The 3 Things a Project Needs to Accomplish – Highest Level Requirements Document for an Agile Project

Often, in an agile software development project, there can be a “fly by the seat of your pants” feel to the development effort as stories are created, prioritized and scheduled into Sprints without a formal Requirements Phase or a 10 pound Requirements Book – especially if you are working in an almost-Agile or mostly-Agilish environment.  One way to handle the lack of a Requirements Book, is to create a “3 Things My Agile Project Needs to Accomplish” document.

The “3 Things My Agile Project Needs to Accomplish” document is lightweight, and should typically be a single page.  It simply lists the 3-5 things your project needs to accomplish, with 3-5 bulleted items below each of the things breaking the “Thing” down into high level, one sentence descriptions of functionality that will accomplish the “Thing”.

Here’s an example template:

My Agile Project

Project Purpose in 1-2 sentences.

1.    First (Most Important) Thing the Project Needs to Accomplish

  • High level functionality that will accomplish the first thing
  • More High level Functionality
  • More High level Functionality
  • Perhaps More High level Functionality
  • Perhaps More High level Functionality (Max 5 items. If you need more, then you probably need another thing to accomplish or you aren’t thinking big enough.)

2.    Second Thing the Project Needs to Accomplish

  • High level functionality that will accomplish the second thing
  • More High level Functionality
  • More High level Functionality

3.    Third (Least Important) Thing the Project Needs to Accomplish

  • High level functionality that will accomplish the second thing
  • More High level Functionality
  • More High level Functionality



You may need up to 5 things the project needs to accomplish.  Any more than that and either, you aren’t thinking big enough, or the project has a very broad scope and should likely be broken down into smaller projects.

The bulleted items represent business objectives.  At this level, you should definitely be thinking in terms of “What does the solution need to do to accomplish one of the 3 things?”  “What?” implies using business objectives and business nomenclature.  We should not be concerned with “How the solution needs to work or how the solution needs to be built.”  Also, the bulleted items are not User Stories, or even Features, in and of themselves.  They are bullets of business functionality that describe “What?” is needed.

On index cards or in an ALM tool like MS TFS, each bulleted item can be translated into one or more (usually not more than 3-5) Features.  (If you need more than 5 features, you should probably go back to the 3 things and add another bullet, or even add an additional thing.)  These features should be written using business nomenclature and are still “What needs to be done?”, rather than “How?”

Each Feature, can then be elaborated into User Stories and Test Cases.  The process of making this happen usually occurs in a meeting with the developers, testers, SME’s and project/team leader (e.g. ScrumMaster or PM).

Traditionally, the User Story should be in the format:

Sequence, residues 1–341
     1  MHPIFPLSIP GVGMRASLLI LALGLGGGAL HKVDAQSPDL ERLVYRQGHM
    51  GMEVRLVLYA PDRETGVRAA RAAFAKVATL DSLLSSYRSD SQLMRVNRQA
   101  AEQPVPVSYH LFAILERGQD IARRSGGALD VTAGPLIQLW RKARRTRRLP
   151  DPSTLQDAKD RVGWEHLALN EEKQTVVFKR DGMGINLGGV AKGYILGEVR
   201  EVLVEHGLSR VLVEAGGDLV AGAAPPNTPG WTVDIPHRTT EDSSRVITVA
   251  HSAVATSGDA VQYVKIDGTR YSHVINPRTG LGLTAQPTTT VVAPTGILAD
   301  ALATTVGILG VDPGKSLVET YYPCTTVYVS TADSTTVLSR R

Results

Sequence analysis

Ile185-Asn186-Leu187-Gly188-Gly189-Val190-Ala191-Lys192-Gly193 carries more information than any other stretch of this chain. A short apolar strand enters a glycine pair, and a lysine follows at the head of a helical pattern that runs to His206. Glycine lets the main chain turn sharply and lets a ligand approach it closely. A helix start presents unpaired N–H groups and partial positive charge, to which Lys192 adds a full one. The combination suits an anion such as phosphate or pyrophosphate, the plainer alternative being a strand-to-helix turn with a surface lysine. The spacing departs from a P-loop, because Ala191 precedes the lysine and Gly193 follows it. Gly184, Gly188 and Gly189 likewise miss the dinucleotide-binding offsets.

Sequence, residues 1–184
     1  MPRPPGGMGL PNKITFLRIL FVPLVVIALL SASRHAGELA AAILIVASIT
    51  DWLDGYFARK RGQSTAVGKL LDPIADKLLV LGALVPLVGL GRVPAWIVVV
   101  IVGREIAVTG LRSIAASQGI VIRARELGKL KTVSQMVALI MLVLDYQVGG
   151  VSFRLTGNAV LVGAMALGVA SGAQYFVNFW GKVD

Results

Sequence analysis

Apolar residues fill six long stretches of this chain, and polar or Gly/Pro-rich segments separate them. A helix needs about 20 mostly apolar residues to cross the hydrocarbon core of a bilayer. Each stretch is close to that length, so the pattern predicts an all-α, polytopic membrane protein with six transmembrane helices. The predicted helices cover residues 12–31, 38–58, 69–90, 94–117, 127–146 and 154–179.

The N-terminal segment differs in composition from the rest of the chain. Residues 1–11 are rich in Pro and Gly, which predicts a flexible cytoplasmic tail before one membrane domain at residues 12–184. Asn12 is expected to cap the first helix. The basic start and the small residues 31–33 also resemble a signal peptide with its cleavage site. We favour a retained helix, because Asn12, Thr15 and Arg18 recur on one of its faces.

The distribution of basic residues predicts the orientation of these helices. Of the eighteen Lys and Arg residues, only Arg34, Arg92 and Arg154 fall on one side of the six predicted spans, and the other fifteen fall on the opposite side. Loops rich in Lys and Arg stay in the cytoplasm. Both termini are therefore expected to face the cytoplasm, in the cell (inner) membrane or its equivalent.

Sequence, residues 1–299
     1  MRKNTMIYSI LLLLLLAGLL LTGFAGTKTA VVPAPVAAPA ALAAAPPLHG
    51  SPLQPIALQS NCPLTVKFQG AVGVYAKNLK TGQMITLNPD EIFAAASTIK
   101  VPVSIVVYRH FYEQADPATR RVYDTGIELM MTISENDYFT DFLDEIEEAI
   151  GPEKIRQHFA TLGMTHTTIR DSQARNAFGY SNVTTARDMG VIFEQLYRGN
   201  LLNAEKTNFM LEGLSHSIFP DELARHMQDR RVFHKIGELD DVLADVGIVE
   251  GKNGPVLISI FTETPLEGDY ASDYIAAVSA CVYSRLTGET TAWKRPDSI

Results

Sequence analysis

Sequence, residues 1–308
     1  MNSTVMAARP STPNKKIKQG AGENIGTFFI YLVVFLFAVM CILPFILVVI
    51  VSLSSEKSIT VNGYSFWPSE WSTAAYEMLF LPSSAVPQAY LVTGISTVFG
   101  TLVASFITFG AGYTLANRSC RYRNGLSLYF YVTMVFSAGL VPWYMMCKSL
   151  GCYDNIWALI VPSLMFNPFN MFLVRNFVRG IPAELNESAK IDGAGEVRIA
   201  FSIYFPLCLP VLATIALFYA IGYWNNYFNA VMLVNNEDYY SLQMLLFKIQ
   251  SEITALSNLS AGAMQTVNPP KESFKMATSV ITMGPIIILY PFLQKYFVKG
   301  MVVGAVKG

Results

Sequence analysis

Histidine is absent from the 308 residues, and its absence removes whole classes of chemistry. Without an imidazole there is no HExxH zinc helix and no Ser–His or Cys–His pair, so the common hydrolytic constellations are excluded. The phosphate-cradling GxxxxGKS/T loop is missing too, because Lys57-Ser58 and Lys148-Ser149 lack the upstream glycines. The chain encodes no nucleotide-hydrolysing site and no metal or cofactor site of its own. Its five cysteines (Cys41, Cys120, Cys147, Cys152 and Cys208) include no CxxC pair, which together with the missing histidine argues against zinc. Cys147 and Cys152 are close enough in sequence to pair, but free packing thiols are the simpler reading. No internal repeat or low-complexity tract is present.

Casual:  As a <type of user>, I want <some goal> so that <some reason>.

More Formal:  As a    Concerned Party   , I want    goal or business or technical feature or function (remember What, not How)   , so that    reason/business purpose/justification   . 

Using notecards, the User Story is written on the front of the card, and 3-5 Test Cases that will prove that the feature or function works are on the back.  The combination of the User Story and Test Cases should be sufficient to qualify as “Requirements”.  It should be possible for the team to elaborate the Tasks needed and estimate the Story Points (for the Stories) and Hours (for the Tasks).

For example, here is a User Story:

As an Analyst, I want a Widget Month Pricing table that includes one record for each Widget for each month that that Widget was on sale, including a blank Market Price field, so that I can store the Market Price generated by the Pricing Algorithm for each Widget/Month combination.

And here are some Test Cases:

  • Does the table show only relevant records based on Month and Widget?
  • Can the Pricing Algorithm, and only the Pricing Algorithm, write to the Market Price field?
  • Does the table show the right Widget/Month records for all Widgets?
  • Does the hourly refresh of the table run in under 90 seconds?

The User Story and Test Cases above give me the info I need to be able to estimate the story (in Story Points), task it out and start working on it.

A note about the Test Cases and Non-functional Requirements (NFR’s).  NFR’s, like security requirements and performance requirements, are not well suited to User Stories.  But they work very well as Test Cases.  As shown above, the User Story made no mention of the hourly refresh, but this requirement came out in the discussion of the story and was captured as a Test Case.  Also note the inclusion of the performance requirement for the hourly refresh.  Both the assumption that there would be an hourly refresh and the performance requirement that it not take more than 90 seconds are NFR’s that should be captured while the Story is being elaborated.

Orks with Dreads? Why not?

A quick and easy way to make dreadlocks for your orks, or for anyone else for that matter, is to use your Hobby Drill in the thickest part of an old sprue.  Twirling the hobby drill carefully, you can get a ½ to ¾ inch long dreadlock (or longer I suppose, if the sprue is thick enough).

Superglue the dreadlocks to your orks’ heads with Superglue Thin.  Do not use plastic glue as it will dissolve the dreadlocks you just worked so hard to make.

And voila, your bald orks now have dreads.

Enjoy your hobby!

Current bought to painted ratio for 2016:  ∞:5